postings by Lois Lupica

A Conversation with Trailblazing Women

posted by Lois R. Lupica

Yesterday, I attended the International Women's Insolvency and Restructuring Confederal (IWIRC) Annual Spring Program. The featured event was entitlted, "A Conversation with Trailblazing Women in the Insolvency Field." Moderated by the Hon. Marjorie Rendell of the 3rd Cir. Court of Appeals, the panel's participants incuded Norma Corio of JPMorgan Chase, Marcia Goldstein of Weil Gotshal & Manges, Hon. Barbara Houser, Chief Bankruptcy Judge, N.D. Texas, Hon. Mary Walrath, Bankruptcy Judge, District of Delaware, and Bettina Whyte of Alvarez and Marsal. The program opened with a parable. A man cuts himself shaving in the shower. He wonders out loud what is wrong with the razor. A woman cuts herself shaving in the shower. She wonders out loud what she did wrong. 

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Time is Money

posted by Lois R. Lupica

A consistent theme running through the Consumer Bankruptcy Fee Study focus group discussions is the increased time it takes attorneys, post-BAPCPA, to take a consumer debtor from initial consultation to filing. As one attorney observed,

[BAPCPA has] ... triple[d] ... the time it takes to prep a case. I mean, in lots of cases, where you could have gotten a couple of months of pay stubs, put them in there, seeing the [the debtors]  don't make any money right now and filed a bankruptcy case within a fairly short period of time, now it takes ... a lot more staff time ... to chase down six months of pay stubs, to get them entered into the system, to look at [them, and] if they are over median, that increases the time. So in a case ... they are over median and close to that line, it probably triples or quadruples the time it takes to get them ready to file.

In a preliminary analysis of Fee Study data (and I stress, preliminary) 87% of attorneys "strongly agreed" that it takes more time to represent a Chapter 7 consumer client now, than it did before BAPCPA's enactment. 

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One Consumer Bankruptcy System, or Many?

posted by Lois R. Lupica

As Principal Investigator of the Consumer Bankruptcy Fee Study, I've been gathering "qualitative data" from attorneys, trustees and judges about how the consumer bankruptcy system is working. I have conducted over a dozen focus groups, many, many one-on-one interviews, and have been privy to myriad list-serve threads discussing the costs of BAPCPA generally and more specifically, consumer bankruptcy attorney fees.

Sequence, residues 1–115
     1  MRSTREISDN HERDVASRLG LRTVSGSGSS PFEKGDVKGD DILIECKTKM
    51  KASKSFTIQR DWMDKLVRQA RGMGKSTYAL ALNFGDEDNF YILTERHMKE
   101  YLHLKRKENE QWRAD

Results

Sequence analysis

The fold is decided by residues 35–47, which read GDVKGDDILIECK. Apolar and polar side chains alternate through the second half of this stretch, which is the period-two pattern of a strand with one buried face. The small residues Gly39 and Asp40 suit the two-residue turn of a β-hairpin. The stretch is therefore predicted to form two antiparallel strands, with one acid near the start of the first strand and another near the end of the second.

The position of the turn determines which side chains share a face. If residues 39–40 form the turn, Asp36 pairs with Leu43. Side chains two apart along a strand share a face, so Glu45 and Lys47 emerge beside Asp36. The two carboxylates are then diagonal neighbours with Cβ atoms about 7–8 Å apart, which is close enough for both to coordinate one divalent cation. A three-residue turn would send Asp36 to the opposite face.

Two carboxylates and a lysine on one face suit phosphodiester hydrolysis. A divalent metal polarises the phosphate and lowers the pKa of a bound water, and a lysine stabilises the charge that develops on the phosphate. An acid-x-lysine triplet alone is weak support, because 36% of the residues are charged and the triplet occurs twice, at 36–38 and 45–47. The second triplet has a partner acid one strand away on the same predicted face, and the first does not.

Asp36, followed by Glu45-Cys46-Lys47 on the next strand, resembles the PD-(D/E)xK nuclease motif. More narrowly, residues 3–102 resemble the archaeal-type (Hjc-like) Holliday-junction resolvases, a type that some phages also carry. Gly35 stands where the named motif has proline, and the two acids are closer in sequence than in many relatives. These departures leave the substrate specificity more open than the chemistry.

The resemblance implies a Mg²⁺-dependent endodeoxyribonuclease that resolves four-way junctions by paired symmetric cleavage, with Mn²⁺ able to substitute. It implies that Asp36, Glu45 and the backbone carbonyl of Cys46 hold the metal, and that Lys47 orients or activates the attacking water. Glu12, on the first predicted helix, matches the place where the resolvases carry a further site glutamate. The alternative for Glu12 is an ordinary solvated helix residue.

Here is one preliminary observation: there is a huge disparity with respect to how and how much attorneys are paid, depending upon where in the country they practice. This is not a shocking revelation on its face, given the disparities in the cost of living from city to city. The data reveal, however, variations that go beyond big city=expensive, small town=cheap.

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The Consumer Bankruptcy Fee Study

posted by Lois R. Lupica

Thanks to Katie and my friends at Credit Slips for the guest blogging gig.  I appreciate the invitation and the opportunity.

In my next couple of posts, I am going to report on the Consumer Bankruptcy Fee Study (see Katie's post below).  Today, I'm making a pitch to the consumer debtor's attorneys who have received (or will receive) an invitation to participate in a survey about their consumer bankruptcy practices.  To date, the Consumer Debtor Attorney Fee Survey has been distributed to ~400 lawyers who represent consumer debtors.  I expect to send out a couple of additional "waves" in the next weeks.  As I said in my cover note,

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  • As a public service, the University of Illinois College of Law operates Bankr-L, an e-mail list on which bankruptcy professionals can exchange information. Bankr-L is administered by one of the Credit Slips bloggers, Professor Robert M. Lawless of the University of Illinois. Although Bankr-L is a free service, membership is limited only to persons with a professional connection to the bankruptcy field (e.g., lawyer, accountant, academic, judge). To request a subscription on Bankr-L, click here to visit the page for the list and then click on the link for "Subscribe." After completing the information there, please also send an e-mail to Professor Lawless (rlawless@illinois.edu) with a short description of your professional connection to bankruptcy. A link to a URL with a professional bio or other identifying information would be great.

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